Protection against herbivory in the mutualism between Pseudomyrmex dendroicus (Formicidae) and Triplaris americana (Polygonaceae)

Resultado de la investigación: Contribución a RevistaArtículo

2 Citas (Scopus)

Resumen

© 2016 Sanchez Adriana et al.Herbivory significantly impacts the growth and reproduction of plants. Many plants have developed ways to defend against herbivores and one common strategy is to associate with ants. In many ant-plant interactions, ants are known to protect their host. However, in the Neotropical ant-plant genus Triplaris, the benefits provided by associated ants have never been tested. Many Pseudomyrmex spp. ants are obligate inhabitants of Triplaris spp. trees. In this study, Triplaris americana was studied in association with Pseudomyrmex dendroicus, an ant highly specific to its host (it has not been collected from any other species of Triplaris). Ant exclusion experiments were carried out to assess the protective effect of ants. In addition, ant behavior was monitored in control plants to study the mechanisms by which ants might confer protection against herbivory. Ant removal led to a more than 15-fold increase in herbivory. Pseudomyrmex dendroicus are active at all times of day and night and aggressively and efficiently remove insect herbivores from their host.
Idioma originalEnglish (US)
Páginas (desde-hasta)71-83
Número de páginas12
PublicaciónJournal of Hymenoptera Research
Volumen46
DOI
EstadoPublished - 2015

Huella dactilar

Pseudomyrmex
Polygonaceae
mutualism
herbivory
ant
Formicidae
herbivores
Triplaris americana
herbivore
exclusion experiment
plant reproduction

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title = "Protection against herbivory in the mutualism between Pseudomyrmex dendroicus (Formicidae) and Triplaris americana (Polygonaceae)",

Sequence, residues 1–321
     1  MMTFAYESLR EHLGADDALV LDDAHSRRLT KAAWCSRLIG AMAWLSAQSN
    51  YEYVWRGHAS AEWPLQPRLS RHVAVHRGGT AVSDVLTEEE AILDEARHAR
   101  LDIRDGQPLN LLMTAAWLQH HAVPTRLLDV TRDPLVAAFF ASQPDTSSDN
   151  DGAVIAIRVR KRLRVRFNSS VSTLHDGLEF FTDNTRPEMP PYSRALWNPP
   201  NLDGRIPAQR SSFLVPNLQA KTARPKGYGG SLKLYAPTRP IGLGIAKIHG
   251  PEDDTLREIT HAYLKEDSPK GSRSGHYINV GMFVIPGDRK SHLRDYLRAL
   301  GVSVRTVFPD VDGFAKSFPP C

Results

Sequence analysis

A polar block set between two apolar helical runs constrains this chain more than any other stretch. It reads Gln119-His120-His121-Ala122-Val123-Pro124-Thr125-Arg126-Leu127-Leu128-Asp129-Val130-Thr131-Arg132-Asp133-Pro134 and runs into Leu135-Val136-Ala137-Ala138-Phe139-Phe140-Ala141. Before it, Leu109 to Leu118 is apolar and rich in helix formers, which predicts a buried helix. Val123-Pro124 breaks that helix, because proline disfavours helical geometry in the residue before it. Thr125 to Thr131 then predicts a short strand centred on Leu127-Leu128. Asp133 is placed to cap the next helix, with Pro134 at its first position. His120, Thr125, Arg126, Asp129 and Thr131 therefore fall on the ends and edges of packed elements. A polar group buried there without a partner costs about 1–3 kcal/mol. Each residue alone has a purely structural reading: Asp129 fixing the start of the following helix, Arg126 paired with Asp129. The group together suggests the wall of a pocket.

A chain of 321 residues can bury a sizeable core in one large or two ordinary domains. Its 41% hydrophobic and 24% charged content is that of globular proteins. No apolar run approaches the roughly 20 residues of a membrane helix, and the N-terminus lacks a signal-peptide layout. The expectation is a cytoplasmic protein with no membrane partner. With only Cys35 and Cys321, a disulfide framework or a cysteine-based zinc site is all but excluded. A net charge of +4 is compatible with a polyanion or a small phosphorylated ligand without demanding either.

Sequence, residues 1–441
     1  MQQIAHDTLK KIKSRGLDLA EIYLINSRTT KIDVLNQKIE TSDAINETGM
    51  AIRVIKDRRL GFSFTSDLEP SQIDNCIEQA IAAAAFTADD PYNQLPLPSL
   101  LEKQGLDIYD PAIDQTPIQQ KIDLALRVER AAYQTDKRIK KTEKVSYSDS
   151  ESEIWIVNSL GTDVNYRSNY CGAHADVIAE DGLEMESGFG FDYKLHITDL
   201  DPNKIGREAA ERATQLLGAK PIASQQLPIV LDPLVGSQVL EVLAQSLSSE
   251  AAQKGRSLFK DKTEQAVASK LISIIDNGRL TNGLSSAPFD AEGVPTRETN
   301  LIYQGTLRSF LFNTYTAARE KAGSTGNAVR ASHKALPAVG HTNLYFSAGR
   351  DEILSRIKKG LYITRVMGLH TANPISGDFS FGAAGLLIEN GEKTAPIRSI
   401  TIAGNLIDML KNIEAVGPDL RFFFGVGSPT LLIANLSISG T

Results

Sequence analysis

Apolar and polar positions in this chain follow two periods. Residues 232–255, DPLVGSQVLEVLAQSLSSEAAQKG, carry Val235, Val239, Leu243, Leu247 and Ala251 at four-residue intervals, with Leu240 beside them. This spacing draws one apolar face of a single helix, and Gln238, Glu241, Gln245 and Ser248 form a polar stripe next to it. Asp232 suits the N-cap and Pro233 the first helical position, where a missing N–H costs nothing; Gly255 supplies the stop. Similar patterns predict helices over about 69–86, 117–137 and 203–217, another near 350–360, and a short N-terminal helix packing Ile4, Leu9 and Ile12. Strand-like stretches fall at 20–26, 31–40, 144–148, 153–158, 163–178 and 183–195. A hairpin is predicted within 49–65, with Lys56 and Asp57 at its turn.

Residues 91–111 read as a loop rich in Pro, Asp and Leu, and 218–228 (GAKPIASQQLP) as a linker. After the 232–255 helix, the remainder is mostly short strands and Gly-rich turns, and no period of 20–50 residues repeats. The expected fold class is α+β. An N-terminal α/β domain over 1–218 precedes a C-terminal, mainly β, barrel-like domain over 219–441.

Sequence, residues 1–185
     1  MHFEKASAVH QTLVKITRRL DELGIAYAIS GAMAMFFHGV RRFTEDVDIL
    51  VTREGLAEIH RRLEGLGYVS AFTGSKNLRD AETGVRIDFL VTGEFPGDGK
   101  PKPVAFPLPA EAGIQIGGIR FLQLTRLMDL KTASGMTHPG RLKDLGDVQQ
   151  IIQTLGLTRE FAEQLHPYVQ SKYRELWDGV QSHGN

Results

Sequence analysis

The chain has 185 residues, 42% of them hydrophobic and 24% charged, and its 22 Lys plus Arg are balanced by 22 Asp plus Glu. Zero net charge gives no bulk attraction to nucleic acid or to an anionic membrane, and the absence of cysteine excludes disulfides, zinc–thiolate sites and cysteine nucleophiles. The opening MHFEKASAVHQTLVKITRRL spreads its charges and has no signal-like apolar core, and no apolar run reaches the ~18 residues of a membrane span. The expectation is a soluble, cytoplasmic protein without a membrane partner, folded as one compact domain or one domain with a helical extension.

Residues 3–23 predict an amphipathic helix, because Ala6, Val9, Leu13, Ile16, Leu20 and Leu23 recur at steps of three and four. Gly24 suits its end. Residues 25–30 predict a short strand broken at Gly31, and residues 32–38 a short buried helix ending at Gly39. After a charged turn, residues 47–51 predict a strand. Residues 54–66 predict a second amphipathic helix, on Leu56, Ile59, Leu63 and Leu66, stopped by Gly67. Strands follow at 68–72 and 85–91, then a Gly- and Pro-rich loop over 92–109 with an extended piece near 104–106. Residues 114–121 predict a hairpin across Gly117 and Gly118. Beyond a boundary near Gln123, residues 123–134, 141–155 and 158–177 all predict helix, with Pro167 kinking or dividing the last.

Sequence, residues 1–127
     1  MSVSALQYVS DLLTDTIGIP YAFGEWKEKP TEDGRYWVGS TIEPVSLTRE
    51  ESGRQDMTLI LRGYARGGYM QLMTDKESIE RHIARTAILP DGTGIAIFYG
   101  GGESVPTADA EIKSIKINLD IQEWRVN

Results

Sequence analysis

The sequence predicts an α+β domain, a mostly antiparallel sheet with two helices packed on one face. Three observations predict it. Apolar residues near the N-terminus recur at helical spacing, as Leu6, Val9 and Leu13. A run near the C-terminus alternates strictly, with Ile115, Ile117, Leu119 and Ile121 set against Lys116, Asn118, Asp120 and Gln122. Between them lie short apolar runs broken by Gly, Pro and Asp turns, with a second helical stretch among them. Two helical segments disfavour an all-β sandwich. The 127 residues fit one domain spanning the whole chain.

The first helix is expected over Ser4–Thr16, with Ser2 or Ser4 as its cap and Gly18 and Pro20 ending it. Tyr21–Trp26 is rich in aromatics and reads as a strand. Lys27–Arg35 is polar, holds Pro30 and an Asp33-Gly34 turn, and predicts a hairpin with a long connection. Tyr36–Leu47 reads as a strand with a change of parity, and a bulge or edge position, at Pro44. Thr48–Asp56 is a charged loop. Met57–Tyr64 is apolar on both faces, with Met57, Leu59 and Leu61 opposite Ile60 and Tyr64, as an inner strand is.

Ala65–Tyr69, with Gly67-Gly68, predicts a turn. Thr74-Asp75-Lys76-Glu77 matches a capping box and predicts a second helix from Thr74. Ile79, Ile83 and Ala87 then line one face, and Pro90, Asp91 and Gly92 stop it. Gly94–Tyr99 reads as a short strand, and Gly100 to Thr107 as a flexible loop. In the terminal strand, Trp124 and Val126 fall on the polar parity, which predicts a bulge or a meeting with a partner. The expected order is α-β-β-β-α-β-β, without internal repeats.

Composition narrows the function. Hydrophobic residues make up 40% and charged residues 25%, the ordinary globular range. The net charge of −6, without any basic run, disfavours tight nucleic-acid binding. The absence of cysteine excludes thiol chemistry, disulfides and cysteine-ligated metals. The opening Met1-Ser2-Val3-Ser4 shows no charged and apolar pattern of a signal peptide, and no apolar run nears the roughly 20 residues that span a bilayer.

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AU - Sanchez Andrade, Adriana

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N2 - © 2016 Sanchez Adriana et al.Herbivory significantly impacts the growth and reproduction of plants. Many plants have developed ways to defend against herbivores and one common strategy is to associate with ants. In many ant-plant interactions, ants are known to protect their host. However, in the Neotropical ant-plant genus Triplaris, the benefits provided by associated ants have never been tested. Many Pseudomyrmex spp. ants are obligate inhabitants of Triplaris spp. trees. In this study, Triplaris americana was studied in association with Pseudomyrmex dendroicus, an ant highly specific to its host (it has not been collected from any other species of Triplaris). Ant exclusion experiments were carried out to assess the protective effect of ants. In addition, ant behavior was monitored in control plants to study the mechanisms by which ants might confer protection against herbivory. Ant removal led to a more than 15-fold increase in herbivory. Pseudomyrmex dendroicus are active at all times of day and night and aggressively and efficiently remove insect herbivores from their host.

AB - © 2016 Sanchez Adriana et al.Herbivory significantly impacts the growth and reproduction of plants. Many plants have developed ways to defend against herbivores and one common strategy is to associate with ants. In many ant-plant interactions, ants are known to protect their host. However, in the Neotropical ant-plant genus Triplaris, the benefits provided by associated ants have never been tested. Many Pseudomyrmex spp. ants are obligate inhabitants of Triplaris spp. trees. In this study, Triplaris americana was studied in association with Pseudomyrmex dendroicus, an ant highly specific to its host (it has not been collected from any other species of Triplaris). Ant exclusion experiments were carried out to assess the protective effect of ants. In addition, ant behavior was monitored in control plants to study the mechanisms by which ants might confer protection against herbivory. Ant removal led to a more than 15-fold increase in herbivory. Pseudomyrmex dendroicus are active at all times of day and night and aggressively and efficiently remove insect herbivores from their host.

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